Now, as the priest uttered the final prayers, Sandy watched with overflowing emotions as Emilio stood with his arms tight round his weeping brothers; back straight, eyes fixed on the coffin being lowered into the grave. Perquita stood next to him with Maria sobbing against her. Sandy saw her look at Emilio, clearly wondering how he could be so composed, so cold, like nothing could break him. Little did she know, as Sandy did, that her brother was wound up like a clock, full of tension and God only knew which way he would go when the spring was released.

Sandy thought that moment had come when Don had stepped out of his Rover as the funeral party made their way up the church steps. The look on the guy's face, as his eyes met Emilio's, had been full of silent appeal; and Emilio's face had almost crumpled before he turned quickly away to walk into the church with Perquita, his face a frozen mask once more. Sandy had heard Paddy ask Dad who he was and Dad had explained about him being Emilio's ex-minder.

The priest brought the proceedings to a close and came to shake hands with Paddy and his wife, and turned at last to say a few words to the children. But Perquita was already ushering the younger children away from the grave while Emilio still stared coldly at it. Sandy walked round the grave to place his arm around Emilio's shoulders but got no reaction, and stepped away again, almost in tears. Paddy and Mary moved to stand on either side of Emilio, and Paddy said, "Come on, lad, time to go home." They took hold of his arms and turned him from the grave and towards the cars. As they did so a taxi pulled into the distant cemetery gates. A man got out of the rear and walked quickly towards them. He was slim, and neatly dressed, not too tall, and from his dark features and hair Sandy guessed he was foreign. As the man came closer it suddenly struck Sandy that the man looked familiar. When he was no more than twenty paces from them, he slowed to a stop and waited. And it dawned on Sandy who he was. Sandy pointed to the man. "Emmie, look!"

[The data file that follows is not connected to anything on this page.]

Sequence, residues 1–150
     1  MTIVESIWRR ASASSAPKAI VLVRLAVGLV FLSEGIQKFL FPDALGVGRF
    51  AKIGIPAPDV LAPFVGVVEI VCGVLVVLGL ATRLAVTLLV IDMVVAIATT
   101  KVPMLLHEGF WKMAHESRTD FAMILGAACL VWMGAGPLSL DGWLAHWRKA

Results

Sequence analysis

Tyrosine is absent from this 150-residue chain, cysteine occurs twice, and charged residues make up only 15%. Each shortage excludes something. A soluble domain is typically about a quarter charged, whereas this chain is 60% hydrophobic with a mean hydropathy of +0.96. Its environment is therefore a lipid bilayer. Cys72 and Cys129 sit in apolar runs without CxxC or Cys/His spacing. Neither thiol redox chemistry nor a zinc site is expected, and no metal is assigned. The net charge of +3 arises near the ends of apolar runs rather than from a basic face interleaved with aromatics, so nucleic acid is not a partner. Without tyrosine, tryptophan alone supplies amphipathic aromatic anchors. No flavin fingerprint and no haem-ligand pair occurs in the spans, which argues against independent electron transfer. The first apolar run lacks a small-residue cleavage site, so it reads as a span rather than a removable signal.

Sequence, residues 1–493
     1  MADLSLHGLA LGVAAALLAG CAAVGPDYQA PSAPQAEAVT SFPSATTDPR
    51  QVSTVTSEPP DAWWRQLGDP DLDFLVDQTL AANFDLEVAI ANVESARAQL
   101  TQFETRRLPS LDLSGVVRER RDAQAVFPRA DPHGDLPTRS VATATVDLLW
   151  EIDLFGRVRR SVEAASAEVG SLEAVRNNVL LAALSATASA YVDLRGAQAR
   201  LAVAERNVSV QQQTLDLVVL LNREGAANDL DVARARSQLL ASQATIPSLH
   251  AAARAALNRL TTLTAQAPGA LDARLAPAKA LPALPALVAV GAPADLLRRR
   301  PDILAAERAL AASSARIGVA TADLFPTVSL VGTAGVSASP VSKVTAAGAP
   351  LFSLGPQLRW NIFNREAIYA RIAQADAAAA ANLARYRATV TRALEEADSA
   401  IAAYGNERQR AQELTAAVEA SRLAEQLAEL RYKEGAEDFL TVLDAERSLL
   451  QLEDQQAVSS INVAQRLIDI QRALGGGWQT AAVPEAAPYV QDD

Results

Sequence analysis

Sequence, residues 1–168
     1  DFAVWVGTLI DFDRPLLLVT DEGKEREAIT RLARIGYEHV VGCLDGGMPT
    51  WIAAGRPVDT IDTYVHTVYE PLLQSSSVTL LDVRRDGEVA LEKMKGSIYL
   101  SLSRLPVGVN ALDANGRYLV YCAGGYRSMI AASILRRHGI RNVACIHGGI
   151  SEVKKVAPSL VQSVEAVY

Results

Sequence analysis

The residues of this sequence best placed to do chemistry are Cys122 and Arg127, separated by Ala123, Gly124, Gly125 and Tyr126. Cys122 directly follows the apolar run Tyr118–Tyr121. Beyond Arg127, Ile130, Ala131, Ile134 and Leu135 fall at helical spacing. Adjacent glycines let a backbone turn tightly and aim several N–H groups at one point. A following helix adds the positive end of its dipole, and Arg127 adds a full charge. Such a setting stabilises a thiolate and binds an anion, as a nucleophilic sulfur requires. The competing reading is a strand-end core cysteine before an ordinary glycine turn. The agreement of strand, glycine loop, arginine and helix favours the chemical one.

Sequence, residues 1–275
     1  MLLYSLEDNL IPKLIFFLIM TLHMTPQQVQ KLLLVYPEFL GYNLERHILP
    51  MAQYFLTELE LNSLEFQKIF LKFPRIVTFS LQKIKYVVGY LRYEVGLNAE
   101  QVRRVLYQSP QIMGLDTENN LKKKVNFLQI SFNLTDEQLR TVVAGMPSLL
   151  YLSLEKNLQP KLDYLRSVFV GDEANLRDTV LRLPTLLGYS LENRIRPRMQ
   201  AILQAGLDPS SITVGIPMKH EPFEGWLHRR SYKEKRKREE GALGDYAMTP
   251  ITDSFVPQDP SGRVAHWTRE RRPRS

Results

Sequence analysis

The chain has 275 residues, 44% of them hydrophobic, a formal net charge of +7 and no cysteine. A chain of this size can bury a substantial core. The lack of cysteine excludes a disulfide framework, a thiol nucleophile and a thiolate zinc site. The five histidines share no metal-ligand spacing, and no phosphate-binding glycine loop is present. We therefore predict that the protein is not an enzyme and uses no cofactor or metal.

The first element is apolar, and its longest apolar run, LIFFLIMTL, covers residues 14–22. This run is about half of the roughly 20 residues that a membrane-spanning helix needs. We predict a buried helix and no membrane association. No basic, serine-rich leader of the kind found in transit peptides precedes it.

Emilio raised his head then stared, his mouth slowly opening and he started forward on unsteady legs. He stopped within arm's reach of the man, and they stared at each other for a long time before the man said something in Spanish before opening his arms. Emilio stepped slowly into his embrace and Sandy felt tears fill his eyes. He heard Mary O'Riley sob and saw her crying in Paddy's arms. Everyone in the small funeral party watched silently as Emilio and the man hugged each other. At last, Emilio's legs gave way and, seeing the man was having difficulty holding him up, Sandy reached them just in time to lift his mate up in his arms and carry him to the taxi ahead of Manuel Diaz.